PHOTO: the first court case on same-sex marriage was initiated by University of Minnesota law student Jack Baker in 1970: Baker et al. v. Nelson, Oct. 10, 1972, "United States Reports, Volume 409, Cases Adjudged in the Supreme Court, October Term, 1972," U.S. Government Printing Office, 1974, p. 810. The Appeal was "dismissed for want of a substantial federal question." Essentially, the court decided the case was a matter of state law and not federal law, leaving it to state law to decide the matter. See previous posts Supreme Court on Jack Baker's gay marriage case 42 years later (3/26/13), Arthur Leonard CA Prop 8 appeal still citing Jack Baker gay marriage case (8/3/12) and Baker v. Nelson 1972 Supreme Court order on gay marriage (7/22/09)
UPDATE Jan. 16, 2015: See post by Lyle Denniston, "Court will rule on same-sex marriage (UPDATED)," scotusblog.com posted Jan. 16, 2015 who said, "From the point of view of the four states involved in the cases, their lawyers apparently will not be prevented from making arguments on two points to try to help them salvage their bans: first, that the Supreme Court settled that issue in a summary ruling in 1972 in the case of Baker v. Nelson, so that is the answer to both questions; and, second, that federal courts have no jurisdiction to rule on matters of domestic relations, including marriage, meaning that the regulation of marriage has to be left to the states to decide. . . . If customary practice is followed, the first case listed in the order -- the Ohio case Obergefell v. Hodges -- will become the historic title for the final ruling."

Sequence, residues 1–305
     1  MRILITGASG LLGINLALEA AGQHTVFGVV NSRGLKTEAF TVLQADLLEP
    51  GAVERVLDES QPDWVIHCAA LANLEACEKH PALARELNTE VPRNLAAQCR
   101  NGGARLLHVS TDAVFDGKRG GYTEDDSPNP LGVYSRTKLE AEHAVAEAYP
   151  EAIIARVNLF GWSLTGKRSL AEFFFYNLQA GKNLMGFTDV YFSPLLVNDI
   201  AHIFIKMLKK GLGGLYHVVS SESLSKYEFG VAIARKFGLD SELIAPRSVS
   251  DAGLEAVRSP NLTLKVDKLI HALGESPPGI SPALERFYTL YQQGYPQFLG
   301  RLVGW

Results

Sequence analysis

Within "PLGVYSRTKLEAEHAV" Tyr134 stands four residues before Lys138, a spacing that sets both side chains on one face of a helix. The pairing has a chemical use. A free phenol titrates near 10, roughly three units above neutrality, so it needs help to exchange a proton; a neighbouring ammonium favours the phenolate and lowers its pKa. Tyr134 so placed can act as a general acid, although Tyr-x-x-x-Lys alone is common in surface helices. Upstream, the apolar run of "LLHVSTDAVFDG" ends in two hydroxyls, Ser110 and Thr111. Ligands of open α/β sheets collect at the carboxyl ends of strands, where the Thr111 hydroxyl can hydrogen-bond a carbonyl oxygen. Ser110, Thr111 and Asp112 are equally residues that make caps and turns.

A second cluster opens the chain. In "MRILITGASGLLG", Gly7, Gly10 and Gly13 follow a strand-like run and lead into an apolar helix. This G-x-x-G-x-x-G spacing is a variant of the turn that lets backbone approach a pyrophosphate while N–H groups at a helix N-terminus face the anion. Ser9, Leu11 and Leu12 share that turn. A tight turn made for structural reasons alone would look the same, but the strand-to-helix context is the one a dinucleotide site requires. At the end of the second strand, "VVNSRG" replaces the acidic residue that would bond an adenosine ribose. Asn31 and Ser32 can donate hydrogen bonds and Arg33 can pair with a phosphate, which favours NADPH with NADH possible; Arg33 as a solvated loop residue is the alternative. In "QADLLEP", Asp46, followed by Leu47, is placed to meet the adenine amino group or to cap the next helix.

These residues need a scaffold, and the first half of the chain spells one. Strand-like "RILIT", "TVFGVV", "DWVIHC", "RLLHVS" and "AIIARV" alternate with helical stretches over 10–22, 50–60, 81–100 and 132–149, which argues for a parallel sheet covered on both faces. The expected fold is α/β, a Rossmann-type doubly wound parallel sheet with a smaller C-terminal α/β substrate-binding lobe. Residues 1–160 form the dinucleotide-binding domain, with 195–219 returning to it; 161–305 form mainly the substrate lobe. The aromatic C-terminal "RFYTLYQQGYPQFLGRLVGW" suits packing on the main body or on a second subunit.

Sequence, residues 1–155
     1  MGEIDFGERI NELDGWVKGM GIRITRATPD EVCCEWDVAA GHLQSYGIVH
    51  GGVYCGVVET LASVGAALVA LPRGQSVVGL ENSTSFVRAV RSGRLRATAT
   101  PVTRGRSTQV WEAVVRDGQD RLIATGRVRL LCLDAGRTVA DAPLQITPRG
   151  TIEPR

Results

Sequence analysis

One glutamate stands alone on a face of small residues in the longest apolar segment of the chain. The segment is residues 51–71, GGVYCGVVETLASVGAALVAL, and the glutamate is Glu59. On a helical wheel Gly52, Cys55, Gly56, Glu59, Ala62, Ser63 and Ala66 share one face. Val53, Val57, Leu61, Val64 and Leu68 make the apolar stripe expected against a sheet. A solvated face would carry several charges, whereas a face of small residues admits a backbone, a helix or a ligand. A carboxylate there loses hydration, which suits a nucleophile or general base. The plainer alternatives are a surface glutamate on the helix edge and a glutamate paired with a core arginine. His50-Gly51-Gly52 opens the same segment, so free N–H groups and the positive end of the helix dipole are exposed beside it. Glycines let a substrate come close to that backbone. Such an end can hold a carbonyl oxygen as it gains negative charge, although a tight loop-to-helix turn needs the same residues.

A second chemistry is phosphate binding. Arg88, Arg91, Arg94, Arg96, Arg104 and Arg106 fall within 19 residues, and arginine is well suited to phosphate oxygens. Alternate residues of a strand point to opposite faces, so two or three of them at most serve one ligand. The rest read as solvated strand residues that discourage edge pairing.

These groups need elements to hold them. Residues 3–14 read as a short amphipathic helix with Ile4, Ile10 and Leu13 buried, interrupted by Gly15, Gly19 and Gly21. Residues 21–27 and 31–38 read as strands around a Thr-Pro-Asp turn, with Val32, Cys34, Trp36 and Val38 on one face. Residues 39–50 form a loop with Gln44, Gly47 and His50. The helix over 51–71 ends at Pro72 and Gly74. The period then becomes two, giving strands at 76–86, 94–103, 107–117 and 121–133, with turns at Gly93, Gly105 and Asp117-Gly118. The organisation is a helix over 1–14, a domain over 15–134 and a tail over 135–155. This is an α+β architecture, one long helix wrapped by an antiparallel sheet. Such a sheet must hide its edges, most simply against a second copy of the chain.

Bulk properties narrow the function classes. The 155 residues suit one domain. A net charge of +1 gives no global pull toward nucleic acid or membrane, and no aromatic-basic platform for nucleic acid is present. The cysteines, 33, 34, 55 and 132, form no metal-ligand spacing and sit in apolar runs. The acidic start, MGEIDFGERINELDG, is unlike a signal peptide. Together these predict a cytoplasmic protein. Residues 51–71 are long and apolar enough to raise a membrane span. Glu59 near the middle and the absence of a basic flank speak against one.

UPDATE Jan. 16. 2015: see post by Art Leonard, "Supreme Court Will Review 6th Circuit Ruling Against Marriage Equality," artleonardobservations.com posted January 16, 2015, who said, "the Court announced that it would devote 90 minutes of oral argument to the question whether the Fourteenth Amendment requires a state to license a marriage between two people of the same sex, and 60 minutes to the question whether the Fourteenth Amendment requires a state to recognize a marriage between two people of the same sex when their marriage was lawfully licenses and performed out-of-state." and printed as Arthur S. Leonard, "Supreme Court Decision to Take Up Marriage Cases Heralds Likely End Game," Gay City News, posted Jan. 16, 2015 without the Baker case mentioned (See below for more abut this editing).